Professor Quatermass comes out of retirement to search for his missing granddaughter and finds a world on the verge of anarchy, and an American-Russian space station destroyed by unknown forces. He ...
Quatermass emerges from the car park to find the stadium empty. So many have now been harvested that the particles of dust in the air have turned the sky green. Kapp attempts to repair his equipment ...
Quatermass is rescued by a group of elderly people living in a scrap yard. At the hospital, the doctors are shocked when Isabel levitates off her bed and explodes in a cloud of dust. Elsewhere, the ...
In the near future, civilization has broken down to the barest fragment of recognizable life. Young people are forming gangs and dominating the wrecks of cities like London. But the strangest Earth children are the "Planet People", following plumb-bobs to sacred sites, waiting to be "taken up". Professor Quatermass (Sir John Mills), seeking his granddaughter, teams up with Joe Kapp (Simon MacCorkindale), who is trying to analyze strange signals from space using the last working pieces of electronic equipment. They find the "Planet People" at a nearby stone circle, a light appears, the signal appears, and the hippy children are gone. Russian plot? Nirvana? Or something altogether more sinister?Written by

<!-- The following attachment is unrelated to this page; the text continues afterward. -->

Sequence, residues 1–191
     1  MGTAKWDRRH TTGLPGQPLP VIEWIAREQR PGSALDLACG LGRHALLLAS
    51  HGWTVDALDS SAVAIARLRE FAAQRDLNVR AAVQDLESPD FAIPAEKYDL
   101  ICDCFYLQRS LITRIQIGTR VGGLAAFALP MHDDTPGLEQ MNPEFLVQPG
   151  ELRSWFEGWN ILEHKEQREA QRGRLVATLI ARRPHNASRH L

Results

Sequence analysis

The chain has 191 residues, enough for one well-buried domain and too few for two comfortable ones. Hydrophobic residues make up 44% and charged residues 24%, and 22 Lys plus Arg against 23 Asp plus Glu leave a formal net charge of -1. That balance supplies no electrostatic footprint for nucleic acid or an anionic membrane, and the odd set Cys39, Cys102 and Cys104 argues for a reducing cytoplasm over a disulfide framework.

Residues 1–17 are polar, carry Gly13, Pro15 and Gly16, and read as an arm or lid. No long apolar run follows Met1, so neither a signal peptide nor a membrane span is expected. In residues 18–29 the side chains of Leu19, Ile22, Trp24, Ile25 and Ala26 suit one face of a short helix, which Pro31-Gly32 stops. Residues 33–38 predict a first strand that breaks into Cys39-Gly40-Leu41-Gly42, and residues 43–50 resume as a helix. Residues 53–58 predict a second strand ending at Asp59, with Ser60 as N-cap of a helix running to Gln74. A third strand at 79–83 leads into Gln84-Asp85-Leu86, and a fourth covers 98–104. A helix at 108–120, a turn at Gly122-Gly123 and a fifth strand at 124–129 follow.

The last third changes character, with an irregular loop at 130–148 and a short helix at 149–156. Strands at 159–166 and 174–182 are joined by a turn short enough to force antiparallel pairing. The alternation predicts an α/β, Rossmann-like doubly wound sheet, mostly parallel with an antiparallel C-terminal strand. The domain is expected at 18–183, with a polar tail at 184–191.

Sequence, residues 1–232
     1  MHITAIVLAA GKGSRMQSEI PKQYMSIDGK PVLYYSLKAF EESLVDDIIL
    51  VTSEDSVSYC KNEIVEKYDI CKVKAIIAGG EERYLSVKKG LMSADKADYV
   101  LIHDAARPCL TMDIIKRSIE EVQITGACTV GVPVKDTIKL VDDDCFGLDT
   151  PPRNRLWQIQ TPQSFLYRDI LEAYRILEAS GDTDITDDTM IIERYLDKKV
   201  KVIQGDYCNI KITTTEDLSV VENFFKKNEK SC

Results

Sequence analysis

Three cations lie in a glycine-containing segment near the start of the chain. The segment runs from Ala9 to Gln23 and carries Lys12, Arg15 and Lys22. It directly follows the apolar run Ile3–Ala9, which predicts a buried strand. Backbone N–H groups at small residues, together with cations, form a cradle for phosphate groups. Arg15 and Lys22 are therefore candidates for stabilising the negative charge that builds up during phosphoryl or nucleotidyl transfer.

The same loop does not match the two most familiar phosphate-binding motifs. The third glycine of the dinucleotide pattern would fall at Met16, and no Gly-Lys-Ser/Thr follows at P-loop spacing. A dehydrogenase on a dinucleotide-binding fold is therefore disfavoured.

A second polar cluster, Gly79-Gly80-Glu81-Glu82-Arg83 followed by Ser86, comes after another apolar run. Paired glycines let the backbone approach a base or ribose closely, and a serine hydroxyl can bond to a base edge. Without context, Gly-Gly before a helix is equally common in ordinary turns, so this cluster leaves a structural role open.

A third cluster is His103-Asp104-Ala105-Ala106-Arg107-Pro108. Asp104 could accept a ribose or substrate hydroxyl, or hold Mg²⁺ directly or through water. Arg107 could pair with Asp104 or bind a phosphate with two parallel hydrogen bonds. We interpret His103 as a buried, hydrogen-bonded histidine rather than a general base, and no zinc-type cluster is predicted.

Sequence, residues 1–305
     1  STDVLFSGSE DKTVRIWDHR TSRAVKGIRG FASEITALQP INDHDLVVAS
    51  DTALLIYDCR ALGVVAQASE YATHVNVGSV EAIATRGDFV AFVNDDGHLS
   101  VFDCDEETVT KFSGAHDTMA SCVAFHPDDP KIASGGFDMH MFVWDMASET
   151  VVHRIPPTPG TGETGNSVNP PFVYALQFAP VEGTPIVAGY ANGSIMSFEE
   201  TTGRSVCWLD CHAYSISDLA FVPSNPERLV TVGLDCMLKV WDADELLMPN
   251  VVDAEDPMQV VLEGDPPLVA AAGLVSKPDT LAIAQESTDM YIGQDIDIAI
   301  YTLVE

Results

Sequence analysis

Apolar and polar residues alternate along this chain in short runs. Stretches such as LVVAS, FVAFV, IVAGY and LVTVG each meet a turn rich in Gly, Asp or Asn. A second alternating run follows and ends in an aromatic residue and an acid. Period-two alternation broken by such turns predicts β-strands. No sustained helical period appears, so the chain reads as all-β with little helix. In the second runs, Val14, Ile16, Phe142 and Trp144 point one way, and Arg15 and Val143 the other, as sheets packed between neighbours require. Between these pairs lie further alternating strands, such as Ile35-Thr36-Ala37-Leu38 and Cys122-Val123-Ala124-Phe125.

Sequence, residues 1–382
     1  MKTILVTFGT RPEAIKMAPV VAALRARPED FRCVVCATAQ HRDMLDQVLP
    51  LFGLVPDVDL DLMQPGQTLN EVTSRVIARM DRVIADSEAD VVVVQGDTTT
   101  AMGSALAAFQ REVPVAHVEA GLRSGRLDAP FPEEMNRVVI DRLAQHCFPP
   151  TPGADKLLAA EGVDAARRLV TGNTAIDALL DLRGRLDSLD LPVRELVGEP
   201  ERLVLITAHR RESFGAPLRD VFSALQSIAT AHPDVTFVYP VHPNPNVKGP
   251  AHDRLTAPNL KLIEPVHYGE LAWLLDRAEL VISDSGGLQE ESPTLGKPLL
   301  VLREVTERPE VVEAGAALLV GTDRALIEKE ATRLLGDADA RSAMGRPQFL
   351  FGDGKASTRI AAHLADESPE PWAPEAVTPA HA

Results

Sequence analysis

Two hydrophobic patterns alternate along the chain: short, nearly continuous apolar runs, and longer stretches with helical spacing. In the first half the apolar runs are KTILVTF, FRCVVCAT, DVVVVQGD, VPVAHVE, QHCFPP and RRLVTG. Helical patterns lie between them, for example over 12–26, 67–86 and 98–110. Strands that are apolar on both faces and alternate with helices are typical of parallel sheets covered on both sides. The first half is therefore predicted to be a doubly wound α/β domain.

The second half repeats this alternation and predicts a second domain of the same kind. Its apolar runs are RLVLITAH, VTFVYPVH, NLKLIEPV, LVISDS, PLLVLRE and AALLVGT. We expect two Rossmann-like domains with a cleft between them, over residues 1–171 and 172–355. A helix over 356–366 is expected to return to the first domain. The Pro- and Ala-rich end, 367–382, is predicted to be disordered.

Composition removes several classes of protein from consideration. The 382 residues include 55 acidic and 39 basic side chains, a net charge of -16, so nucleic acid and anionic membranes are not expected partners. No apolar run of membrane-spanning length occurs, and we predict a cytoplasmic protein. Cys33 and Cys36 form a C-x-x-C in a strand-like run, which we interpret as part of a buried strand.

This has been made available in the United States in two versions. It was first released edited down to a 105 minute feature film under the title _Quatermass Conclusion, The (1979)_. In 2003 the complete program was released on home video under the title "Quatermass" (1978) with a listed running time of 240 minutes. See more »
See the 4-hour miniseries instead of the edited movie.
I recently watched the complete four-hour version of Nigel Kneale's British miniseries "Quatermass." I had seen an edited movie version called "The Quatermass Conclusion" some years earlier. The verdict: The miniseries is superior. It expands on several subplots (of course) and offers richer characterizations. John Mills makes an excellent Quatermass--somewhat befuddled at the outset, but strong and clear of mind when the survival of the world is at stake. Granted, the production is not as polished as the movie version of "Quatermass and the Pit" (the music, in particular, sounds like it costs a couple of hundred bucks). But the ideas are intriguing and that darn nursery rhyme about Ringstone Round is still running around my brain. Kneale wrote a novelization of the miniseries that clarifies a few vague points.
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